Your financial power of attorney allows someone to act on your behalf for any financial matters. This could include anything from writing checks for you if you are out of town, to applying for government benefits for you, to dealing with real estate transactions on your behalf. You may also need to use this power of attorney if you are out of the country, for example.

Every person’s situation is unique, so your estate plan should be crafted to address your goals, family circumstances, and assets. But, having an estate plan is the first step in ensuring that your wishes are carried out and that taxes are avoided to the extent possible.

Business Succession Planning Under the Tax Cuts and Jobs Act

by Vance Antonacci

The Tax Cuts and Jobs Act (the “Act”) was signed into law on December 20, 2017, with an effective date of January 1, 2018. The Act doubled the exemption amounts for taxpayers for estate, gift, and generation skipping transfer taxes. The exemption amounts are now $11,200,000 per person and $22,400,000 per married couple. The exemption amounts will increase each year based on inflation. The increased exemption amounts under the Act, however, will only exist through December 31, 2025. Unless the law is amended, the increased exemption amounts will “sunset” on January 1, 2026 to their pre-2018 levels (adjusted for inflation). The Act did not amend the tax rate for estate, gift, and generation skipping transfer taxes, which remain at 40%.

For clients who are business owners, the Act may or may not impact the execution of the succession plan for the family business. In general, succession planning should be framed more by planning to achieve long term success for the business than by tax avoidance. For example, the importance of developing next generation leaders is not impacted by the tax laws. However, the Act does present unprecedented opportunities for planning. Some considerations for clients:

  • Clearly, the increased exemption amount allows for more significant lifetime gifting of business interests. For those clients engaged in gifting of business interests, you may want to consider a more significant gift or gifts in the next few years.
  • Although not directly related to succession planning, clients should consult with their accountants to confirm whether the structure of the business and the compensation paid to its owners is optimized under new section 199A of the Code (the new section that provides an income tax deduction for “pass through” businesses).
  • For clients who have trusts that own business interests, consideration should be given whether to restructure the trusts to ensure an income tax basis step up upon the death of a beneficiary. Trusts are generally designed so that the assets of the trust are not included in the beneficiary’s taxable estate (to avoid estate tax). However, trust assets do not get an increase in cost basis when the beneficiary dies. If the beneficiary will not be subject to estate tax, it may make sense to trade the Pennsylvania inheritance tax at the rate of 4.5% for children to avoid the capital gains tax on built-in gains.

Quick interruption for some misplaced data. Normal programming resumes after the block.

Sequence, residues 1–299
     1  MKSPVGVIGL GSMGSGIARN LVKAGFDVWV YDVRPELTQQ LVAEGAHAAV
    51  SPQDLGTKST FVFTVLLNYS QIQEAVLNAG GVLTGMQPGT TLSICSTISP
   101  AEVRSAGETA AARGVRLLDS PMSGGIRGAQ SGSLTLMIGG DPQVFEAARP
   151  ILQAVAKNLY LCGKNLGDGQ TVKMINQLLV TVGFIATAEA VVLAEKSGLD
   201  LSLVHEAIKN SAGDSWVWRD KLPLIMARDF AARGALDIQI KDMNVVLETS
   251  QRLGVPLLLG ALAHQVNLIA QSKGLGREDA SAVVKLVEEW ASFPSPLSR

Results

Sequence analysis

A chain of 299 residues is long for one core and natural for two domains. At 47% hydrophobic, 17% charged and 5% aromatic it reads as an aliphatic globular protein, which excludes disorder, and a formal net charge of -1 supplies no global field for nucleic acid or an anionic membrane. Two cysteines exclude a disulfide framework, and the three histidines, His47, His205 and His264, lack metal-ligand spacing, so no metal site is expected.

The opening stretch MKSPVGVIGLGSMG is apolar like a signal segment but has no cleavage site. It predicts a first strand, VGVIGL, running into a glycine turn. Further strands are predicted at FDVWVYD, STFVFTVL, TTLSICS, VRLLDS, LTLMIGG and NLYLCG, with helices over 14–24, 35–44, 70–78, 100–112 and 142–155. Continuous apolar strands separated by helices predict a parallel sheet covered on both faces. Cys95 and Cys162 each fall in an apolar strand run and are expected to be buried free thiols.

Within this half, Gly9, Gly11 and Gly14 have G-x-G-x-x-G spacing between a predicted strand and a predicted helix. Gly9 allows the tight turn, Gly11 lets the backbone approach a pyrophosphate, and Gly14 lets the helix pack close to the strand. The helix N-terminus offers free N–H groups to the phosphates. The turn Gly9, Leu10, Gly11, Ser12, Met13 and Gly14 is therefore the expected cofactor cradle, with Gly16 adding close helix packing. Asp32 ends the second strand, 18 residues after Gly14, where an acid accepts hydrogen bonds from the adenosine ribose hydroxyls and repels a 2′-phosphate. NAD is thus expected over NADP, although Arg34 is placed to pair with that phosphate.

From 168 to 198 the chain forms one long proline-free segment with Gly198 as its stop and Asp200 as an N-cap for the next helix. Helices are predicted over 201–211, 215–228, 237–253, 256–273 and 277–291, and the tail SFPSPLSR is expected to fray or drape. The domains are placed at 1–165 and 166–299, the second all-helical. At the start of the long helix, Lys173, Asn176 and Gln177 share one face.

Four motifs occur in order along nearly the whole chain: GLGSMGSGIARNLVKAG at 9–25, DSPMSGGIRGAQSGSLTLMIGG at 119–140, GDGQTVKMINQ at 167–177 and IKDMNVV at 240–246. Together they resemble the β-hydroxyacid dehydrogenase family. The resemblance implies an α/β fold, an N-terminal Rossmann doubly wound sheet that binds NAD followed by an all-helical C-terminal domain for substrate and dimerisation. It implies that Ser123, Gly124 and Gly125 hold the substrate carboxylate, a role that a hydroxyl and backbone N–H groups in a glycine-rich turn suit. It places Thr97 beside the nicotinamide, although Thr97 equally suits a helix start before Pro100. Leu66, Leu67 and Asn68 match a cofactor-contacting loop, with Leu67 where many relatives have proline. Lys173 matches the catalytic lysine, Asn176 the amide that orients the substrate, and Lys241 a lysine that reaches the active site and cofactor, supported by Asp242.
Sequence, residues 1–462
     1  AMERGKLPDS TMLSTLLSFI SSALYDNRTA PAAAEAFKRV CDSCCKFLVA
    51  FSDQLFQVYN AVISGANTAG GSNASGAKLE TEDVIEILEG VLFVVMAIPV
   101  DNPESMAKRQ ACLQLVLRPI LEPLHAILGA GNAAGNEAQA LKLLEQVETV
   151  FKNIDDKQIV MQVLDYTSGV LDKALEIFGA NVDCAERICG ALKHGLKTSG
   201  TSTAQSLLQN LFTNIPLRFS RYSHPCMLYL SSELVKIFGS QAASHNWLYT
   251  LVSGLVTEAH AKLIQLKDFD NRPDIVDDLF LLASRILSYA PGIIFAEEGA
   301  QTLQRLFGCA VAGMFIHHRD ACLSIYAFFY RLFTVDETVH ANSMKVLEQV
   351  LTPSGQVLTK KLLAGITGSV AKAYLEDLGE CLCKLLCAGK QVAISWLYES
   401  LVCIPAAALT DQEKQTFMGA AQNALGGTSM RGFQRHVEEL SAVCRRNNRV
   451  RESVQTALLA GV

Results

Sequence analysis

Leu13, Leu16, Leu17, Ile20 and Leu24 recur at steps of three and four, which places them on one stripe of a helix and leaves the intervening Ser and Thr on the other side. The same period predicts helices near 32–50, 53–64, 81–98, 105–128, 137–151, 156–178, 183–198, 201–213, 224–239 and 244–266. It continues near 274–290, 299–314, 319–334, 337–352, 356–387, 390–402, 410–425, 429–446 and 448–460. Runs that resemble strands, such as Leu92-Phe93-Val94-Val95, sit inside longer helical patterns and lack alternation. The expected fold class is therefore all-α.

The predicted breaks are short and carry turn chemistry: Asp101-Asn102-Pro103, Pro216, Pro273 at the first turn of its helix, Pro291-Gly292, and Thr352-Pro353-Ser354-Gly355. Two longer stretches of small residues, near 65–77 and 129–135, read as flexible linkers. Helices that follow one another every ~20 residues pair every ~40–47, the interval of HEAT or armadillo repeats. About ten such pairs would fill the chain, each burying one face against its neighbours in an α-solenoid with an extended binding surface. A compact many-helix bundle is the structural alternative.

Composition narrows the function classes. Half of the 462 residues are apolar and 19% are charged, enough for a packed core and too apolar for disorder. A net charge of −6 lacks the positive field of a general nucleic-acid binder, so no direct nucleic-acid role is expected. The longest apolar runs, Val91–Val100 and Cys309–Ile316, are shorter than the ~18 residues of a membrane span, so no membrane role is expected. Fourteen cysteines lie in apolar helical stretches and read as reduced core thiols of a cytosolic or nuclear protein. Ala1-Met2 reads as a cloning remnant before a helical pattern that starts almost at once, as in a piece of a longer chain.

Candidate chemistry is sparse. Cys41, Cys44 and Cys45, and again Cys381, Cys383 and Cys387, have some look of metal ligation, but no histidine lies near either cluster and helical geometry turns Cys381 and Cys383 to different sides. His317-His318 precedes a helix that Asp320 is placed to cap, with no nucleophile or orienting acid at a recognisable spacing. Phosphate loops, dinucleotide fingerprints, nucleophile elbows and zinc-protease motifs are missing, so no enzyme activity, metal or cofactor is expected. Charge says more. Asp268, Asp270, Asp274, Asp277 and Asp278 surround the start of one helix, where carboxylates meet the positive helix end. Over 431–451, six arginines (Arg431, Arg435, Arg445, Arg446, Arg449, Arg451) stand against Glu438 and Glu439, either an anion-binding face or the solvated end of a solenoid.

• For clients with grantor trusts, consideration should be given to substituting high cost basis assets with low cost basis assets.
  • With respect to life insurance, clients should review their life insurance portfolio to ensure that the amount of life insurance backing buy-sell obligations is adequate. Likewise, clients should review life insurance policies to make sure the amount of coverage is adequate, that the policy is performing as illustrated, and to evaluate whether an exchange of policy is warranted. In the case of Irrevocable Trusts, it may be possible to reduce the death benefit in exchange for lower (or no) premiums (a lower death benefit may not be needed as much now for estate tax planning and the lower death benefit could provide stability to the policy).

Another consideration for clients is that the Act may be amended or revoked. The Act likely would be amended or repealed if President Trump is not reelected and the Democratic Party gains control of the House and the Senate. Some clients may want to consider taking advantage of the increased exemption amounts by making current gifts to family members or trusts or implementing a gifting strategy for so long as the increased exemption amounts remain available.

Every estate plan and estate planning client is unique, so the Act will impact each client differently.  Some clients, for example, will want to retain income producing assets while gifting non-income producing assets. Some clients may want to unwind trusts while other clients may want to continue trusts for tax planning or asset protection reasons.

We recommend a periodic review of any estate plan because the law and the client’s circumstances and planning goals change. If you have any questions about how the Act will affect you, your family, or your estate plan, please contact a member of the McNees Estate Planning Practice Group.

© 2018 McNees Wallace & Nurick LLC